Evaluating oropharyngeal carcinoma with transcervical ultrasound, CT, and MRI

Farhoud Faraji, Stephanie Coquia, Meghan B. Wenderoth, Ericka S. Padilla, Dana Blitz, M. Robert DeJong, Nafi Aygun, Ulrike Maria Hamper, Carole Fakhry

Research output: Contribution to journalArticle

Abstract

Objective: To compare transcervical ultrasonography (US) to standard cross-sectional imaging for the visualization of human papillomavirus-related oropharyngeal cancer (HPV-OPC). Materials and methods: Patients with HPV-OPC and available standard imaging (CT and/or MRI) were identified in clinic and prospectively enrolled. US was performed to visualize the oropharynx and lymph nodes. Tumor characteristics across imaging modalities were evaluated (CT versus MRI, and US versus standard imaging (SI)). Results: Forty-three patients were included. The overall blinded detection rates for CT and MRI were 83% and 71%, respectively. The unblinded detection rate for US was 98%. Agreement of tumor anatomic subsite was moderate for both CT vs MRI (κ = 0.59) and US vs SI (κ = 0.47). Comparison of tumor size by CT and MRI showed statistically significant correlations in craniocaudal (CC), anteroposterior (AP), and mediolateral (ML) dimensions (RhoCC = 0.51, pCC = 0.038; RhoAP = 0.81, pAP < 0.0001; RhoML = 0.57, pML = 0.012). Tumor size estimates by US and SI showed statistically significant correlations in CC and AP, but not ML (RhoCC = 0.60, pCC = 0.003; RhoAP = 0.71, pAP < 0.0001; RhoML = 0.30, pML = 0.08). Tumor volume estimates improved correlations between US and SI (Rho = 0.66, p < 0.0001). Stratification of US patients into early and late imaging studies demonstrated an increase in correlation strength from early (Rho = 0.32, p = 0.32) to late groups (Rho = 0.77, p < 0.0001) demonstrating that ultrasound accuracy improved with experience. Conclusions: Our findings suggest that transcervical ultrasonography is a sensitive and relatively accurate adjunct to standard imaging for the evaluation of oropharyngeal tumors. Its cost, portability, and potential for in-clinic and serial imaging render US an attractive modality to further develop for imaging oropharyngeal tumors.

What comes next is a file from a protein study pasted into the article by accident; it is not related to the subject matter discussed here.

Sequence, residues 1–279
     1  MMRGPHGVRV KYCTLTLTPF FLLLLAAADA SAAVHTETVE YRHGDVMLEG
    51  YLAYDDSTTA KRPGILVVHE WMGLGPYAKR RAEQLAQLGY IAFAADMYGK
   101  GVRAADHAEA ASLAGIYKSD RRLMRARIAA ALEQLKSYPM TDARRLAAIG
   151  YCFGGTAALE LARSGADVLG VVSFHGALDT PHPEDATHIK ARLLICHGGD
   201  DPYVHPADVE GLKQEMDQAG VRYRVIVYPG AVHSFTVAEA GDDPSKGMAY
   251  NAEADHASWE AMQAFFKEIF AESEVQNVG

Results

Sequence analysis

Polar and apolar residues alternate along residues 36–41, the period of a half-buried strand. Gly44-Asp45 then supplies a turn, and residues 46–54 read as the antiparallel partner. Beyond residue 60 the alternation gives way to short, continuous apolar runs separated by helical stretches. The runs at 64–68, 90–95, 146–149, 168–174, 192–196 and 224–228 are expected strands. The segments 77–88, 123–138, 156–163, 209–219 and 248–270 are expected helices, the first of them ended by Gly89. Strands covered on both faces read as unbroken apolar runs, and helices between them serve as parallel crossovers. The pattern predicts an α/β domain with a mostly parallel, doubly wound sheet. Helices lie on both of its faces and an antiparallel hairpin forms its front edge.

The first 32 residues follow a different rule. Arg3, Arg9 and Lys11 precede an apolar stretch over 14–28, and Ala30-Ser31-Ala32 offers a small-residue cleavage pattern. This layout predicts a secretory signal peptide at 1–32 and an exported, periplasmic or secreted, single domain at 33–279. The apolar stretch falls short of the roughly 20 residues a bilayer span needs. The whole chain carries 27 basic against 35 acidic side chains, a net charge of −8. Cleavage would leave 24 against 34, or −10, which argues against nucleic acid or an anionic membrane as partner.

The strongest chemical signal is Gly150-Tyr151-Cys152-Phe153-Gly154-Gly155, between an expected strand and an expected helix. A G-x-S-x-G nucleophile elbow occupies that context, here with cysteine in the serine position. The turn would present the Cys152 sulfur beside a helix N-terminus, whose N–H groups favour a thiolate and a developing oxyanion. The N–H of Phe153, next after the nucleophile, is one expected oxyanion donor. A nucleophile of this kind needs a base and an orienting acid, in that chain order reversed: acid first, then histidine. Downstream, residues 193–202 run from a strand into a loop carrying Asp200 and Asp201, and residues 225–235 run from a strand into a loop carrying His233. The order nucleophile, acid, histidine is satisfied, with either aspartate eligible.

Original languageEnglish (US)
Pages (from-to)177-185
Number of pages9
JournalOral Oncology
Volume78
DOIs
StatePublished - Mar 1 2018

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Ultrasonography
Carcinoma
Oropharyngeal Neoplasms
Neoplasms
Oropharynx
Tumor Burden
Lymph Nodes
Costs and Cost Analysis

Keywords

  • Computed tomography
  • Head and neck
  • Magnetic resonance imaging
  • Oropharynx
  • Squamous cell carcinoma
  • Ultrasound

ASJC Scopus subject areas

  • Oral Surgery
  • Oncology
  • Cancer Research

Cite this

Evaluating oropharyngeal carcinoma with transcervical ultrasound, CT, and MRI. / Faraji, Farhoud; Coquia, Stephanie; Wenderoth, Meghan B.; Padilla, Ericka S.; Blitz, Dana; DeJong, M. Robert; Aygun, Nafi; Hamper, Ulrike Maria; Fakhry, Carole.

In: Oral Oncology, Vol. 78, 01.03.2018, p. 177-185.

Research output: Contribution to journalArticle

Faraji, Farhoud ; Coquia, Stephanie ; Wenderoth, Meghan B. ; Padilla, Ericka S. ; Blitz, Dana ; DeJong, M. Robert ; Aygun, Nafi ; Hamper, Ulrike Maria ; Fakhry, Carole. / Evaluating oropharyngeal carcinoma with transcervical ultrasound, CT, and MRI. In: Oral Oncology. 2018 ; Vol. 78. pp. 177-185.